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Re: Science feather strength debate
On 11/4/2010 10:09 AM, Don Ohmes wrote:
Also -- if some flightless birds retain asymmetrical vanes, while others
don't, and those birds that do not have them are "further" from their
earlier volant state -- then that would tend to support the notion that
asymmetrical vanes evolve under flight conditions, would it not?
On 11/4/2010 2:26 PM, Augusto Haro wrote:
Non necessarily, because you may have assymetrical vanes appearing
before or together with flight. Someone knowing more about pennaceous
feathers in non-avialians may tell us if the assymetrical vanes are
actually derived with respect to symmetrical ones or not.
Sorry, I was less than clear -- I meant in living birds. While you are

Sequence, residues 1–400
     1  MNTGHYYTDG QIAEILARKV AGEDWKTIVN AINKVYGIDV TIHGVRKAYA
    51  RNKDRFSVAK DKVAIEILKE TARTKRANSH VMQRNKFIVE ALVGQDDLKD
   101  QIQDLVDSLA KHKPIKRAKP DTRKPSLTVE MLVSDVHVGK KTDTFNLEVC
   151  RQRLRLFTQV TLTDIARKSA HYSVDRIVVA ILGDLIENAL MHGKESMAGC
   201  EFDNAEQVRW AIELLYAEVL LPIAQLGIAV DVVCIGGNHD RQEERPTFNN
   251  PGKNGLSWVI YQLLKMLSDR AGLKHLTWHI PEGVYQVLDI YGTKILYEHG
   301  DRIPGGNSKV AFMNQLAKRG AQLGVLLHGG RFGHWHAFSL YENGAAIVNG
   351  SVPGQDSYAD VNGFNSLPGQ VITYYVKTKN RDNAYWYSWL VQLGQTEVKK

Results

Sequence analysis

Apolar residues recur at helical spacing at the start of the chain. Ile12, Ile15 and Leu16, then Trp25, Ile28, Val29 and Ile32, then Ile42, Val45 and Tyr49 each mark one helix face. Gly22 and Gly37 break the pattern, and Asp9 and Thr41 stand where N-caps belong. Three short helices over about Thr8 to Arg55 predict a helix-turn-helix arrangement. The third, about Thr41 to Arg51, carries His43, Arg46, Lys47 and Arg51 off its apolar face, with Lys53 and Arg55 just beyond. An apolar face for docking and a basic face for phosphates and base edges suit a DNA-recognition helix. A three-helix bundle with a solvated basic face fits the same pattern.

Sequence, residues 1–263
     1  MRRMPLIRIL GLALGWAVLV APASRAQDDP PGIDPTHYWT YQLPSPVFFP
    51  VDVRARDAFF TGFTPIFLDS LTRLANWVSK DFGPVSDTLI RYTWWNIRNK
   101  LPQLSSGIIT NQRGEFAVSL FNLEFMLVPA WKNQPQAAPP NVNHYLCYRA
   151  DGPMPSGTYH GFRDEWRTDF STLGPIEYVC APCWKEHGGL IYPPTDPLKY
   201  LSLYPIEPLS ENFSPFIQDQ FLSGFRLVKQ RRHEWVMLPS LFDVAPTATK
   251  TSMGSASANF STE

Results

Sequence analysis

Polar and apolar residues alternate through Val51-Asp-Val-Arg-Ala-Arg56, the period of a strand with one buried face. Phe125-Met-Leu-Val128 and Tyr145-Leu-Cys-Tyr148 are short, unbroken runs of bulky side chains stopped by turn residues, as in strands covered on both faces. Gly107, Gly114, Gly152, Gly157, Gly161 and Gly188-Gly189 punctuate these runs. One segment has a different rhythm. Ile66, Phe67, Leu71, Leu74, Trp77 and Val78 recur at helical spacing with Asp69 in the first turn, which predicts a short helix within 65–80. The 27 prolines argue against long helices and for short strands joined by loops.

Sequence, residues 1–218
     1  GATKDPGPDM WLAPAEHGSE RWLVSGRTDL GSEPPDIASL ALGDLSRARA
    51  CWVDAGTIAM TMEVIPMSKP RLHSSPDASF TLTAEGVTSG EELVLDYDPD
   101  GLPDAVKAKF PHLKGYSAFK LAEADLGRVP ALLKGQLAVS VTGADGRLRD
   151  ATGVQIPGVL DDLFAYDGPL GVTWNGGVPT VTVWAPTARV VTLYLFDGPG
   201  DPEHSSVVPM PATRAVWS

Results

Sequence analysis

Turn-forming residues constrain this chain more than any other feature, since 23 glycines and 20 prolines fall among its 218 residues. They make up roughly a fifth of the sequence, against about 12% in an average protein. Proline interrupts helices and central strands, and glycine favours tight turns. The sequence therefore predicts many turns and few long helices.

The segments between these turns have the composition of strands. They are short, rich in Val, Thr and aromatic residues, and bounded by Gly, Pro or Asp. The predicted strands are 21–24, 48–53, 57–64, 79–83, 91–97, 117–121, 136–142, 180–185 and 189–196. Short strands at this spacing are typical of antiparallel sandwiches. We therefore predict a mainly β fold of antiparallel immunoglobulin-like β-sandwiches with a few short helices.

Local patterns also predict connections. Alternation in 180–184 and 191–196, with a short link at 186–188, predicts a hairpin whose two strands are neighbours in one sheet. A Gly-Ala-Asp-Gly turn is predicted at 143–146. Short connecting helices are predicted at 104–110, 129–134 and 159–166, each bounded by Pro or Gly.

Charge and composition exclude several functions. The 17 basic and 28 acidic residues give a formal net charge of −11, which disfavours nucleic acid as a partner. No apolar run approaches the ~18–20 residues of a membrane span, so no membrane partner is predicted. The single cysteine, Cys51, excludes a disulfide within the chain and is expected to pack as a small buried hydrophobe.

right in theory, I am skeptical that the geo-record can ever inform us
in this regard, due to it's incompleteness -- should asymmetrical vanes
be found on an early and clearly non-volant animal, even one pre-dating
all other known feathers, I could still say that this animal might be
secondarily flightless, or even be creating aerodynamic effects to some
other purpose such as making noise or cooling...
And I probably would, barring an absolute mountain of evidence to the
contrary -- I accept that feathers in the general sense likely appeared
pre-flight, but doubt as extremely non-parsimonious that flight feathers
evolved to serve some other purpose and then "just happened" to be
More simply -- if asymmetrical vanes appear to be derived relative to
symmetrical vanes in extant birds, that is good enough for me...
Although anything is possible.